Every year, the Montreal Economic Institute (MEI) publishes a report seeking to prove that Canada’s telecommunications industry compares favorably with other jurisdictions.

Throughout its analysis, the MEI simply places too great a premium on having the latest and greatest technology. Consumers care far more about getting a fair price and high usage allowance. Allowing telecommunications carriers to exercise their market power sacrifices what consumers care about most for luxury options they would happily do without.

At its core, the MEI argues that even though Canadians pay more for telecommunications services than most other countries’ consumers, we have no cause to complain because we have access to more affordable options through flanker brands and we enjoy higher speeds and investment. It argues that even though Canadian’s bills are going up, the prices for a given service basket is actually declining.

Canadians do pay more for telecommunications services than most other countries. The Nordicity International Price Comparison Report commissioned by Innovation Science and Economic Development Canada shows that Canadian consumers pay dramatically more than our international counterparts for wireless data at the 1GB, 2GB, and 5 GB price levels – around $40-$50/month more than in the UK or about double their prices.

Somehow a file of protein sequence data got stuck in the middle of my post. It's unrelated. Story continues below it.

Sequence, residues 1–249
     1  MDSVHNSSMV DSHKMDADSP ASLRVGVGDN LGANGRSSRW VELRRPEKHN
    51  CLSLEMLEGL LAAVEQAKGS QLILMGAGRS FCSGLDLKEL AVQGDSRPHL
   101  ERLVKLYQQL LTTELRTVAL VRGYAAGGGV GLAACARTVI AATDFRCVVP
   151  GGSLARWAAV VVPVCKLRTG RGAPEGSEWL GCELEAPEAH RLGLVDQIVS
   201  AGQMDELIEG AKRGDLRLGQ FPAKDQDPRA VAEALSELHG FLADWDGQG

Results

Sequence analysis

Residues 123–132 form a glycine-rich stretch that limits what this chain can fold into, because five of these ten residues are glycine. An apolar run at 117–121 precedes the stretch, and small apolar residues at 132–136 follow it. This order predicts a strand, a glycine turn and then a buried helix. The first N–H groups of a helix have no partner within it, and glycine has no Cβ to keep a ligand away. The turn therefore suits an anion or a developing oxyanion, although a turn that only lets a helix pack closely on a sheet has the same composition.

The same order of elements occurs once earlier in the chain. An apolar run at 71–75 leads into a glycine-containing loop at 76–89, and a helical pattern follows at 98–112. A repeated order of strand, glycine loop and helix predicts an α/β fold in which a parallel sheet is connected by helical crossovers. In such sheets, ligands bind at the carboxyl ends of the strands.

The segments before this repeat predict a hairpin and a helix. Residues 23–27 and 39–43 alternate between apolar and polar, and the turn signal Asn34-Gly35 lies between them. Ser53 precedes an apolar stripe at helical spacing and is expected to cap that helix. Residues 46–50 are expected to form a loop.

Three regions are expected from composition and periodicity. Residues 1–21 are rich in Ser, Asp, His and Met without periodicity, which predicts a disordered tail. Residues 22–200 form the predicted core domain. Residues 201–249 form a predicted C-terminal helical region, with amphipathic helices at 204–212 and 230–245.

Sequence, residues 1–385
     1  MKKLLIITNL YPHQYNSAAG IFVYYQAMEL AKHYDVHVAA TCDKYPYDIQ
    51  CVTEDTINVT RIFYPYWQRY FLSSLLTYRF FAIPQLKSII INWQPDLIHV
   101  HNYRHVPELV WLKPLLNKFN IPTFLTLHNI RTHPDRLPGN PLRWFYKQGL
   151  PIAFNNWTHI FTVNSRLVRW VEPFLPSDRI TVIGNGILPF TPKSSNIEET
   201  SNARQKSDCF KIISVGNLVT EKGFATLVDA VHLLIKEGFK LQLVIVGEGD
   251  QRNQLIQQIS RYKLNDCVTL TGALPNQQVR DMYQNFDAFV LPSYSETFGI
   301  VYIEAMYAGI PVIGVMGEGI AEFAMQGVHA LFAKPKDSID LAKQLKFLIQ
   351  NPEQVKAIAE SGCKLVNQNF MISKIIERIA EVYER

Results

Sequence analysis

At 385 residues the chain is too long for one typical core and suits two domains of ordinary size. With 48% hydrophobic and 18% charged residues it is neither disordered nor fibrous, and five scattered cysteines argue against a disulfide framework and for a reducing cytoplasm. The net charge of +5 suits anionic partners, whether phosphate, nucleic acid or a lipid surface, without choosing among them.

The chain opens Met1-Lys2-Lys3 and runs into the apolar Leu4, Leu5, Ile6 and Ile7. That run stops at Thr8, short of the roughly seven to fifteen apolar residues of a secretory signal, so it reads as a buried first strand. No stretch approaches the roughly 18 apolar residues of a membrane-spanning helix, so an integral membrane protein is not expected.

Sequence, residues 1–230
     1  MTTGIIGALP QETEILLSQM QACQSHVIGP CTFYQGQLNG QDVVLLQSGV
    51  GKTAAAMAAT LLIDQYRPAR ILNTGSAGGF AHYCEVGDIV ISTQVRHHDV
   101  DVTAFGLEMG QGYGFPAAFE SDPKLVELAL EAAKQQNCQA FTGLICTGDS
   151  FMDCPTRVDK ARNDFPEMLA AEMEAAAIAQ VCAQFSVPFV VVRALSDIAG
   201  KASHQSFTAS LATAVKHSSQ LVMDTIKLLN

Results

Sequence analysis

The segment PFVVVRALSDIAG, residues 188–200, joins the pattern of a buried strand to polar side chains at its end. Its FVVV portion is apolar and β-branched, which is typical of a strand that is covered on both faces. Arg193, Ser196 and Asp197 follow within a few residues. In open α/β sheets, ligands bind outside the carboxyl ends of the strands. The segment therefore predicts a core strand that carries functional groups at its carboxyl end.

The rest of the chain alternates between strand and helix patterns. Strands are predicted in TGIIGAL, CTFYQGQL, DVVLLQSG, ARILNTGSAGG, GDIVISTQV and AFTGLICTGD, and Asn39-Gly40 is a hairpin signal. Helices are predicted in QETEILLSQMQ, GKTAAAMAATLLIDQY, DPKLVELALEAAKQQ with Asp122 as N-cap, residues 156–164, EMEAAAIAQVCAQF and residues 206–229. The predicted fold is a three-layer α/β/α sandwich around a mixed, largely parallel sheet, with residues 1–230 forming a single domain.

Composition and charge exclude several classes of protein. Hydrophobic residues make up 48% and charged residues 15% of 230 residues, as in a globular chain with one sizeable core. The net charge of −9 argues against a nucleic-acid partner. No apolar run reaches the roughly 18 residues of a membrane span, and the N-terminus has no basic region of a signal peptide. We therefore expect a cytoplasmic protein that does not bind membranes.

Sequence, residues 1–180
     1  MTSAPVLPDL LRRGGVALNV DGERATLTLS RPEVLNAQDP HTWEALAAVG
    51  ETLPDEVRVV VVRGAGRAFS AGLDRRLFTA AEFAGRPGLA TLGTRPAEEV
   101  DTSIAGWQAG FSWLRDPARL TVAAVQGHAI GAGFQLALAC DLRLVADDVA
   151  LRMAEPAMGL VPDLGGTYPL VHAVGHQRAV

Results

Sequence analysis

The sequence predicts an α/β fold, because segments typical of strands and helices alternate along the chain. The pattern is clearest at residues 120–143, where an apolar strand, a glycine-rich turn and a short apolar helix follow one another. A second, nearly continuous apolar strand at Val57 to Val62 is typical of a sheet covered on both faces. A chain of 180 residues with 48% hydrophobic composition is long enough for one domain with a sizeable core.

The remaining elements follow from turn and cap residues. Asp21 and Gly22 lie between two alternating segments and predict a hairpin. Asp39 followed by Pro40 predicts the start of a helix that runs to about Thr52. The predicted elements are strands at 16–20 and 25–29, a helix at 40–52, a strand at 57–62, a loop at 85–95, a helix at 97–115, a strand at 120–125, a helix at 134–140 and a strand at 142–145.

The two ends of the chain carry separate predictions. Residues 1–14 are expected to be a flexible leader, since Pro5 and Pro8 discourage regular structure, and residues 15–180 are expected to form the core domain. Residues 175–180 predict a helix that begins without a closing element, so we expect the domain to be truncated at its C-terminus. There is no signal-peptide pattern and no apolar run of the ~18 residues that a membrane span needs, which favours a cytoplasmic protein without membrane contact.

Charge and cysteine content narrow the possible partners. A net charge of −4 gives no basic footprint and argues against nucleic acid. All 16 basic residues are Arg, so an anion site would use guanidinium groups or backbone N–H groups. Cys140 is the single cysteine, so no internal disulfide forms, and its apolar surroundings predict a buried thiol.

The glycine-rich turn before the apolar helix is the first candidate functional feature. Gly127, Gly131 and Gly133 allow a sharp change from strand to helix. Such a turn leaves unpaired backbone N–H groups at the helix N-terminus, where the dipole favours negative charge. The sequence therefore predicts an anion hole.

Figure 1: Nordicity, 2017 Price Comparison Study of Telecommunications Services in Canada and Select Foreign Jurisdictions

Flanker brands and resellers do offer slightly lower prices for the services levels covered in the Nordicity Report. Virgin Mobile, for example, currently offers 1GB of data with unlimited minutes for $55/month for Bring-Your-Own-Device customers in Ontario, compared with the $70.70/month price used in the Nordicity report (the Virgin offer includes”bonus data” for a limited time but remains the lowest cost option for that data allowance). The price is still high compared internationally, and moreover it is not fair to compare the lowest-priced offers in Canada to the highest-priced offers internationally.  A customer on US MVNO Tello would pay $14 USD/month ($17 CAD/month) for 1 GB of data with unlimited calling and texting. Looking at resellers only further highlights the monopolistic rents being paid by Canadian consumers.

Figure 2: Offer from US Reseller Tello mobile